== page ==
Duran Duran Still Creating Musical Art

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Published: 8/12/2012 2:22 AM
Last Modified: 8/12/2012 4:59 AM

Visit the official Duran Duran website at http:/duranduran.com

PLUS! Watch a roundup of iconic Duran Duran videos at Tulsa World reporter Jennifer Chancellor’s blog.
Duran Duran may have helped define the look and sound of the 1980s, but it's done a lot more than that.

The synthpop act led the charge of the "Second British Invasion" and ushered in a dramatic change to America's aural and visual landscape.

Today, they're still leading the charge, with co-founding members bassist John Taylor and keyboardist Nick Rhodes, singer Simon Le Bon, drummer Roger Taylor and touring guitarist Dom Brown.

These days, though, one thing has remained somewhat constant. In the '80s and '90s, band members were often questioned more about their videos than their music, John Taylor said during a recent telephone interview.

It still happens.

Duran Duran has always been as much as an artistic aesthetic as it was a musical expression.

"It got really frustrating for a bit," he admitted. "But Nick gave us all the right perspective. He reminded us that we had an opportunity to make more art. We kept that in mind with everything we did, not just in videos and music, but in concert and with our album covers.

"Even our concert programs are beautiful. We help create all of it."

Back then, their groundbreaking videos were often shot with "real" movie cameras on elaborate sets with models and actors, a first for the early MTV-era. Duran Duran's album artwork for "Rio" was created by Art Deco-esque Playboy magazine artist Patrick Nagel. It's self-titled debut cover was designed by Malcolm Garrett (Simple Minds, Magazine and Peter Gabriel).

"We've realized that with each thing we do, 'This has got to be really great and thoughtful,' " he said.

The strategy has worked. Sort of.

They're still asked about their videos. A lot. After all, they've helped the band sell more than 100 million albums, and their quirky fashion has helped them win many years atop People Magazine's annual list of "Sexiest People."

But these days, unlike the early days of the MTV generation (you know, back when the channel only showed music-related programming), the band is now much freer to express itself - and it does.

It has outgrown what he calls the "inhibiting" genre of "promotional videos." Oh, they still make very buzz-worthy videos.

Taylor said the band now has more control over how they're made. Their 2011 live CD-DVD/Blu-ray release, "Duran Duran: A Diamond In the Mind Blu-ray," features the band in leather and silk and lit with elaborate strobes and spotlights, film loops repeating behind them as they grin ear-to-ear during disco-like reworks of their classics and electrified versions of new tunes.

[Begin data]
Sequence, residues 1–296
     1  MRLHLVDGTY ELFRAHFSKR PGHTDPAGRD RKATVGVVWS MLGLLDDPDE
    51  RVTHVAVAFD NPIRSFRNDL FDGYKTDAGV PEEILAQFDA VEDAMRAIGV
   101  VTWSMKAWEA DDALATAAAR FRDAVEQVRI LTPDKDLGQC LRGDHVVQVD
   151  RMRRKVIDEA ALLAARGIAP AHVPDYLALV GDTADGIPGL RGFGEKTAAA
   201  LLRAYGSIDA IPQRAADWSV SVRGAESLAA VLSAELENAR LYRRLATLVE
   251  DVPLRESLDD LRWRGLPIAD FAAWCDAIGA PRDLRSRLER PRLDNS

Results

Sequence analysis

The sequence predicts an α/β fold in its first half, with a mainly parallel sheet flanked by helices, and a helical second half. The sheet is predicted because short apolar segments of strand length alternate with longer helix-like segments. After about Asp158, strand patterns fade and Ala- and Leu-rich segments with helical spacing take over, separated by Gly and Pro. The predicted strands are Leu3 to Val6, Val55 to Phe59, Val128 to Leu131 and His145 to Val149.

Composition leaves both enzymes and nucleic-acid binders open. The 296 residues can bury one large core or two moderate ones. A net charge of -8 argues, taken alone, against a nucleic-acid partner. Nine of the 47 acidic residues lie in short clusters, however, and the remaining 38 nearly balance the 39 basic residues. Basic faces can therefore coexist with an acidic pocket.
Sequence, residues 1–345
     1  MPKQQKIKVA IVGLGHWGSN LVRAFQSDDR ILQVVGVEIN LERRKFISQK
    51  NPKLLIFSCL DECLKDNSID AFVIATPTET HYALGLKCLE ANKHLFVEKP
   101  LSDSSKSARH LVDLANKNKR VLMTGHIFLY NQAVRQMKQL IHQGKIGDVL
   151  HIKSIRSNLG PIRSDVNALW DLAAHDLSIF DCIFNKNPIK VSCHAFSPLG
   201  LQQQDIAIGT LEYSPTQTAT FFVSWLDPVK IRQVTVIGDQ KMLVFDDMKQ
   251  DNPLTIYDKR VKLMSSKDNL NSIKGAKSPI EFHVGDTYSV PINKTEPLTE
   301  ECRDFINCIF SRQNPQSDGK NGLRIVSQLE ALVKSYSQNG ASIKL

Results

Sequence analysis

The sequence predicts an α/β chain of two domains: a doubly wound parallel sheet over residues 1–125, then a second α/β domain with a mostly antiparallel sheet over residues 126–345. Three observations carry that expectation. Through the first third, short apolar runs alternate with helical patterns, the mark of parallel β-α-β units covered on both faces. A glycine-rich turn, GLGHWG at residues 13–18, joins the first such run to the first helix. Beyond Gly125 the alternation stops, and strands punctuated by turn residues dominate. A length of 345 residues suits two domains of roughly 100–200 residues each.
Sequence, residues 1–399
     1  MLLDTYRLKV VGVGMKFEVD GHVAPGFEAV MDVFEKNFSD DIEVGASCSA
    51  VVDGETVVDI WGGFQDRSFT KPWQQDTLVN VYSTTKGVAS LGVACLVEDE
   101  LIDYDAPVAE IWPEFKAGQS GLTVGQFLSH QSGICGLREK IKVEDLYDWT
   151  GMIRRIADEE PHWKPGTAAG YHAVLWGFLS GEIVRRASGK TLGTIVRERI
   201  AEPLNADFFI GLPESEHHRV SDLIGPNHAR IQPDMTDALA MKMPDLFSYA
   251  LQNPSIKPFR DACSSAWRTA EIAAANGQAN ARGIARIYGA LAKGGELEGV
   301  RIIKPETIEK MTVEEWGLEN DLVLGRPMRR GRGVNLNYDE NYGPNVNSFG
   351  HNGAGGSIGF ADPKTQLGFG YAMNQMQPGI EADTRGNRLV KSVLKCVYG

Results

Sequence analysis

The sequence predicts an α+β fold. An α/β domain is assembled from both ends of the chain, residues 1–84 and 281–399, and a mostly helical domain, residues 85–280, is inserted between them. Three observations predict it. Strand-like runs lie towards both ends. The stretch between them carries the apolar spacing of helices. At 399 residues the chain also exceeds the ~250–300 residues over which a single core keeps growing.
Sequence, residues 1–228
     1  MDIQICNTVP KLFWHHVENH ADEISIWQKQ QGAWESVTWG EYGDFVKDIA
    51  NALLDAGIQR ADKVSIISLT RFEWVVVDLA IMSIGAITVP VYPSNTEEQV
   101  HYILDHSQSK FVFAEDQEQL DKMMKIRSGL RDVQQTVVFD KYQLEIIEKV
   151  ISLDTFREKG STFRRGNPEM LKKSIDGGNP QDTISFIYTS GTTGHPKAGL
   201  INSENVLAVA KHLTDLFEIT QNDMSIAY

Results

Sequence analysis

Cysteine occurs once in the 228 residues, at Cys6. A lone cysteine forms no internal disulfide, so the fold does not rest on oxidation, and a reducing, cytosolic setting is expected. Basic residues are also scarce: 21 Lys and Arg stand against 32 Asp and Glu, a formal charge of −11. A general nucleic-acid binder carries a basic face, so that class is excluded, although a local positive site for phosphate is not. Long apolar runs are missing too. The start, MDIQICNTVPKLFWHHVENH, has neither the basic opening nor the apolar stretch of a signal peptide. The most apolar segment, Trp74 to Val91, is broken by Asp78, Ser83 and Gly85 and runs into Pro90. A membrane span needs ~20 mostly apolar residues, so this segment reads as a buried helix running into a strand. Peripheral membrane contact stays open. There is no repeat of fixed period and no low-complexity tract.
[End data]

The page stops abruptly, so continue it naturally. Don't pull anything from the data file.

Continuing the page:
"That's not really a problem any more," he said of efforts spent to "control" and "distribute" an image. From their earliest New Romantic (read as "puffy shirt") outing in "Planet Earth" some three decades ago, Duran Duran helped hone all their expressions into distinctive works of art.

The latest music video, er, art concept, is Duran Duran flipped on its well-coiffed head.

Instead of uberhot models boxing each other or painted beauties riding on sailboats, their latest - "Girl Panic!" - has supermodels become the band, giving interviews in documentary-style. It's lavish and over-the-top, and includes "cleverly placed sponsorship" to pay for the pricey video.

"With a concept like that, we really had to find a way to make it happen," Taylor said.

With stars like Cindy Crawford, Naomi Campbell, Eva Herzigova and Helena Christensen warbling away in them, who wouldn't ask about their videos?

More than 30 years later, he said, Duran Duran still happily straddles the line in discord and rhyme.

All their videos aren't that expensive. For example, the title track for "All You Need Is Now" only cost $5,000 to make, Taylor said.

He's fine with both.

"We know now that once we release a video we have no control over it. It is immediately in the public domain and it takes on a life of its own. ... We don't own it, our fans do."
When: 8 p.m. Wednesday

Where: The Joint inside The Hard Rock Hotel & Casino Tulsa

Tickets: Must be 21. $85, $95, $115 available at tulsaworld.com/hardrockcasino, the venue box office or by calling 918-384-ROCK.

Greatest hits
Well, our favorite Duran Duran hits:

1. "Girls on Film"

2. "All You Need Is Now"

3. "The Reflex"

4. "All She Wants Is"

5. "I Don't Want Your Love" (Shep Pettibone 7" Mix)

6. "Is There Something I Should Know?"

7. "Hungry Like the Wolf"

8. "White Lines (Don't Do It)" (aka "White Lines '89 - Part II" featuring Grandmaster Flash and Melle Mel)

9. "The Wild Boys"

10. "A View to a Kill"

11. "Come Undone"

12. "Girl Panic!"

13. "Rio"

14. "Ordinary World"

15. "Notorious"

When: 8 p.m. Wednesday

Where: The Joint inside The Hard Rock Hotel & Casino Tulsa

Tickets: Must be 21. $85, $95, $115 available at tulsaworld.com/hardrockcasino, the venue box office or by calling 918-384-ROCK.

Courtesy TulsaWorld